Open Access version available at UGent repository
Gold Open Access

Dynamic interplay between defective UiO-66 and protic solvents in activated processes

C. Caratelli, J. Hajek, E.J. Meijer, M. Waroquier, V. Van Speybroeck
Chemistry - A European Journal
25 (67), 15315-15325
2019
A1

Abstract 

UiO‐66, composed by Zr‐oxide inorganic bricks [Zr6(μ3‐O)4(μ3‐OH)4] and organic terephthalate linkers, is one of the most studied metal–organic frameworks (MOFs) due to its exceptional thermal, chemical, and mechanical stability. Thanks to its high connectivity, the material can withstand structural deformations during activation processes such as linker exchange, dehydration, and defect formation. These processes do alter the zirconium coordination number in a dynamic way, creating open metal sites for catalysis and thus are able to tune the catalytic properties. In this work, it is shown, by means of first‐principle molecular‐dynamics simulations at operating conditions, how protic solvents may facilitate such changes in the metal coordination. Solvent can induce structural rearrangements in the material that can lead to undercoordinated but also overcoordinated metal sites. This is demonstrated by simulating activation processes along well‐chosen collective variables. Such enhanced MD simulations are able to track the intrinsic dynamics of the framework at realistic conditions.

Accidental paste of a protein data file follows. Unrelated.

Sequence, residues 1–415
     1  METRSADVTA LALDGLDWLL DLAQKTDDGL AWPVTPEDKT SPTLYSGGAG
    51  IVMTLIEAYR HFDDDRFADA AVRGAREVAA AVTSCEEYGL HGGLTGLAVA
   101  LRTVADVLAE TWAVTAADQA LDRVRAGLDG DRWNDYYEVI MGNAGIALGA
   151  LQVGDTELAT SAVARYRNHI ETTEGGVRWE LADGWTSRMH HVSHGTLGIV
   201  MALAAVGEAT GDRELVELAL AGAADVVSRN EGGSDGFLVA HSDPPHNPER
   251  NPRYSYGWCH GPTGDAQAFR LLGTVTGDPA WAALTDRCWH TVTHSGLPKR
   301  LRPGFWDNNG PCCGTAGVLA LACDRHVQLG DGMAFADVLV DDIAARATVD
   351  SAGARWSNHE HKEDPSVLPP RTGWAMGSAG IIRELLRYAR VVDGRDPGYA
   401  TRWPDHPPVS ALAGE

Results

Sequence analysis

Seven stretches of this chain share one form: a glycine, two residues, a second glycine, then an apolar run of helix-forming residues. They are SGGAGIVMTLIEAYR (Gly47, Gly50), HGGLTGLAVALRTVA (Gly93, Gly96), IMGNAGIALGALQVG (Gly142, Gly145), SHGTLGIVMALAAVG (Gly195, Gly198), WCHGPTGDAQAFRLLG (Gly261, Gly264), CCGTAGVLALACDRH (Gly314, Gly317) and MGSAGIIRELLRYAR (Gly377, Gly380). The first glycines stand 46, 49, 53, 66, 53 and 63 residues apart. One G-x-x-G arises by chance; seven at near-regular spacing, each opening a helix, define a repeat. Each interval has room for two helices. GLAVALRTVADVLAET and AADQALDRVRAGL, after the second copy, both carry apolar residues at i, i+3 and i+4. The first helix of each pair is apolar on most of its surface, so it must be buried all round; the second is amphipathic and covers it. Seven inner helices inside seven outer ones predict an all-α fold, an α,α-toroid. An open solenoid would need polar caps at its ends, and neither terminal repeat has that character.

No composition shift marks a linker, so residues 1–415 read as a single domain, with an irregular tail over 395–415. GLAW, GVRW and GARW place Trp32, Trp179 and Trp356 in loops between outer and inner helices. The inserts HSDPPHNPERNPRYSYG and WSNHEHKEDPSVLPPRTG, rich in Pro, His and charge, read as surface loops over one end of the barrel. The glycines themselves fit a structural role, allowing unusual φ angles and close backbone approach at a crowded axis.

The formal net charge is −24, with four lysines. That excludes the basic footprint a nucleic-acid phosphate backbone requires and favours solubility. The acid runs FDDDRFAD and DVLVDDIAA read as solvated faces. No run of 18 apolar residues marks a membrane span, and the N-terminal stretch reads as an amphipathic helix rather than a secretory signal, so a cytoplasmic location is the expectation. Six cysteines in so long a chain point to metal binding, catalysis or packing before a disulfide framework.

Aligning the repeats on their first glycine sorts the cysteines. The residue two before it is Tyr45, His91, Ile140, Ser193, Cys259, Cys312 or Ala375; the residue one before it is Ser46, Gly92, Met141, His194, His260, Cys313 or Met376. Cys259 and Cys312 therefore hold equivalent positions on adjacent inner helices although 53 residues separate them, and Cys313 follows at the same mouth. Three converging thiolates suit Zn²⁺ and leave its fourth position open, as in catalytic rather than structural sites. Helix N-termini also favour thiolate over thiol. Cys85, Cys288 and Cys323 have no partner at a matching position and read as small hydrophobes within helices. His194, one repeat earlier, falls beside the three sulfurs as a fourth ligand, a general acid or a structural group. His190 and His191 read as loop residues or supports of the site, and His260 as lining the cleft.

Pillared-layered metal-organic frameworks for mechanical energy storage applications

J. Wieme, S.M.J. Rogge, P.G. Yot, L. Vanduyfhuys, S.-K. Lee, J.-S. Chang, M. Waroquier, G. Maurin, V. Van Speybroeck
Journal of Materials Chemistry A
7 (39), 22663-22674
2019
A1

Abstract 

Herein we explore the unique potential of pillared-layered metal–organic frameworks of the DMOF-1 family for mechanical energy storage applications. In this work, we theoretically predict for the guest-free DMOF-1 a new contracted phase by exerting an external mechanical pressure of more than 200 MPa with respect to the stable phase at atmospheric pressure. The breathing transition is accompanied by a very large volume contraction of about 40%. The high transition pressures and associated volume changes make these materials highly promising with an outstanding mechanical energy work. Furthermore, we show that changing the nature of the metal allows to tune the behavior under mechanical pressure. The various phases were revealed by a combination of periodic density-functional theory calculations, force field molecular dynamics simulations and mercury intrusion experiments for DMOF-1(Zn) and DMOF-1(Cu). The combined experimental and theoretical approach allowed to discover the potential of these materials for new technological developments.

Gold Open Access

On the importance of anharmonicities and nuclear quantum effects in modelling the structural properties and thermal expansion of MOF-5

A. Lamaire, J. Wieme, S.M.J. Rogge, M. Waroquier, V. Van Speybroeck
Journal of Chemical Physics
150 (9), 094503
2019
A1

Abstract